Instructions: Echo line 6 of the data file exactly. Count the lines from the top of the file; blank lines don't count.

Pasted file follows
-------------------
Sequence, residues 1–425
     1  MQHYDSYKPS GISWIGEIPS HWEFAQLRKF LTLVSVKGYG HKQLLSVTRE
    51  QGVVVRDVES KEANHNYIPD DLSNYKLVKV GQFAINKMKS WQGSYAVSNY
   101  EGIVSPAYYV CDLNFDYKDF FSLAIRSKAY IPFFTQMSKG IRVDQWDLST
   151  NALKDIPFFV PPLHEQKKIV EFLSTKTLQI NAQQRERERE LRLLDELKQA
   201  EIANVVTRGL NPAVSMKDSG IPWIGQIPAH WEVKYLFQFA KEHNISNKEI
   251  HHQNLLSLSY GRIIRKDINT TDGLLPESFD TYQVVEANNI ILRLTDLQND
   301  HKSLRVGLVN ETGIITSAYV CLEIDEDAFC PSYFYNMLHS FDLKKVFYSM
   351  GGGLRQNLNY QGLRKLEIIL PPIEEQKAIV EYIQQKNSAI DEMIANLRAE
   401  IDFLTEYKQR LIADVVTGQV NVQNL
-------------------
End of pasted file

   201  EIANVVTRGL NPAVSMKDSG IPWIGQIPAH WEVKYLFQFA KEHNISNKEI